PROCESS PRINTING

Color printing is the reproduction of an image or text in color (as opposed to simpler black and white or monochrome printing). It may also commonly be called four-color process printing when only the colors cyan, magenta, yellow, and black (also known as CMYK) are used. Another emerging method of color printing is six-color process printing (for example, Pantone's Hexachrome system) which adds orange and green to the traditional CMYK for a larger and more vibrant gamut, or color range.

Color printing involves a series of steps, or transformations, in order to generate a quality color reproduction. Here are the main steps when reproducing a color image in CMYK print, along with some historical perspective.

Color separation process

The process of color separation occurs when the original artwork is digitally scanned and separated into red, green, and blue components. Before digital imaging was developed, the traditional method of doing this was to photograph the image three times, using a filter for each color. However this is achieved, the desired result is three grayscale images, which represent the red, green, and blue (RGB) components of the original image:

Image when separated into RGB components.

Image when separated into RGB components.

The next step is to invert each of these separations. When a negative image of the red component is produced, the resulting image represents the cyan component of the image. Likewise, negatives are produced of the green and blue components to produce magenta and yellow separations, respectively. This is done because cyan, magenta, and yellow are subtractive primaries which each represent two of the three additive primaries (RGB) after one additive primary has been subtracted from white light.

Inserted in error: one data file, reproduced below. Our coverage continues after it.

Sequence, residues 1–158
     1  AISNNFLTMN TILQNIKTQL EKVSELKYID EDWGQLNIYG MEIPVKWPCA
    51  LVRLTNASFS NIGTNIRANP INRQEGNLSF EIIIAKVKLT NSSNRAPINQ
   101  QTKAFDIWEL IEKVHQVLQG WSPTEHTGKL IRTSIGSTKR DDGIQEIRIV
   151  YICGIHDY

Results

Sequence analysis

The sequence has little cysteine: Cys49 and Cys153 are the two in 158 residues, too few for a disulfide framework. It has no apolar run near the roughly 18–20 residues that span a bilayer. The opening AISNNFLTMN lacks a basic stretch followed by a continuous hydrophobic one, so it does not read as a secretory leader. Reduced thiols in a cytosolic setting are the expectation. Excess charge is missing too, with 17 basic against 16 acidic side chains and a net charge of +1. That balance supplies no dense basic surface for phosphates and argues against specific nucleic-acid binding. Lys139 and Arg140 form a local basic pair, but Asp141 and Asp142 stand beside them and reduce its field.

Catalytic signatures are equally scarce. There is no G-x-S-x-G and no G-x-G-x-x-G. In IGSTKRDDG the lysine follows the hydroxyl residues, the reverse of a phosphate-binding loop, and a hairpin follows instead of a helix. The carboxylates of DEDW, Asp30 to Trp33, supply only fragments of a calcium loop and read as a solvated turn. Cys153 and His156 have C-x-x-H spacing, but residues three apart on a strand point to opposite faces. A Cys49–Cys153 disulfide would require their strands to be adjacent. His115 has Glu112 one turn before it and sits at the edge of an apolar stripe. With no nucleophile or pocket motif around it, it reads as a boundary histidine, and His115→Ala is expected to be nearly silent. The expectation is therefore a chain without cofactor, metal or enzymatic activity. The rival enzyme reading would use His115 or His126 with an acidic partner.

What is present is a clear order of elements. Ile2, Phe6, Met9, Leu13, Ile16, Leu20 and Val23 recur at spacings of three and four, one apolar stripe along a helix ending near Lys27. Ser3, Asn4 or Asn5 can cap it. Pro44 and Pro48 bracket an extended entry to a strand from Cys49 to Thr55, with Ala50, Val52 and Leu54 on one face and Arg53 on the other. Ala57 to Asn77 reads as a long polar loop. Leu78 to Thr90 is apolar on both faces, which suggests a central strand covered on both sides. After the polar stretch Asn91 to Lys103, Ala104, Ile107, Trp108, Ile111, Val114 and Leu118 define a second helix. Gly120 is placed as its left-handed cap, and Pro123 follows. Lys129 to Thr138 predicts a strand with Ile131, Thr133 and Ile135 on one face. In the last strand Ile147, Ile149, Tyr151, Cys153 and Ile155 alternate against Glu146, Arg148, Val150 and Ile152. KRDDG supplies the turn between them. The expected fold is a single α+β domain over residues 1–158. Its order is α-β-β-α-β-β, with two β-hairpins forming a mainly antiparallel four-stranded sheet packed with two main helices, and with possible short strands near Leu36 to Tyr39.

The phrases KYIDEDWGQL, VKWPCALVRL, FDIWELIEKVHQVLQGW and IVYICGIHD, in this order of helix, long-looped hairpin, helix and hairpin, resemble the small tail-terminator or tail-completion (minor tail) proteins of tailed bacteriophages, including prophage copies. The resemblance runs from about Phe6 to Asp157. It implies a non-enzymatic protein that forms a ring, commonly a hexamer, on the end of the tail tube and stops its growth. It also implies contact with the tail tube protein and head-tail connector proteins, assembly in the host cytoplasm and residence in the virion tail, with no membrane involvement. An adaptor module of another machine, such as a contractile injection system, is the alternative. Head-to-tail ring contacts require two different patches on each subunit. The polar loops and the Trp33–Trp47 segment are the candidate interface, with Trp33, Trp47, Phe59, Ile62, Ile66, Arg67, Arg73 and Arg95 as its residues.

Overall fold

CMY separations of image derived from the RGB separations.

CMY separations of image derived from the RGB separations.

Cyan, magenta, and yellow are the three main pigments used for color reproduction. When these three colors are combined in printing, the result should be a reasonable reproduction of the original, but it is not. Due to limitations in the ink pigments, the darker colors are dirty and muddied. To resolve this, a black separation is also created, which improves the shadow and contrast of the image. Numerous techniques exist to derive this black separation from the original image; these include grey component replacement, under color removal, and under color addition. This printing technique is referred to as CMYK (the "K" being short for "key." In this case, the key color is black).

Cyan, magenta, yellow, and black (CMYK) inks when printed separately. During normal print production, these would be printed on top of one another.

Cyan, magenta, yellow, and black (CMYK) inks when printed separately. During normal print production, these would be printed on top of one another.

Today's digital printing methods do not have the restriction of a single color space that traditional CMYK processes do. Many presses can print from files that were ripped with images using either RGB or CMYK modes. The color reproduction abilities of a particular color space can vary; the process of obtaining accurate colors within a color model is called color matching.

SCREENING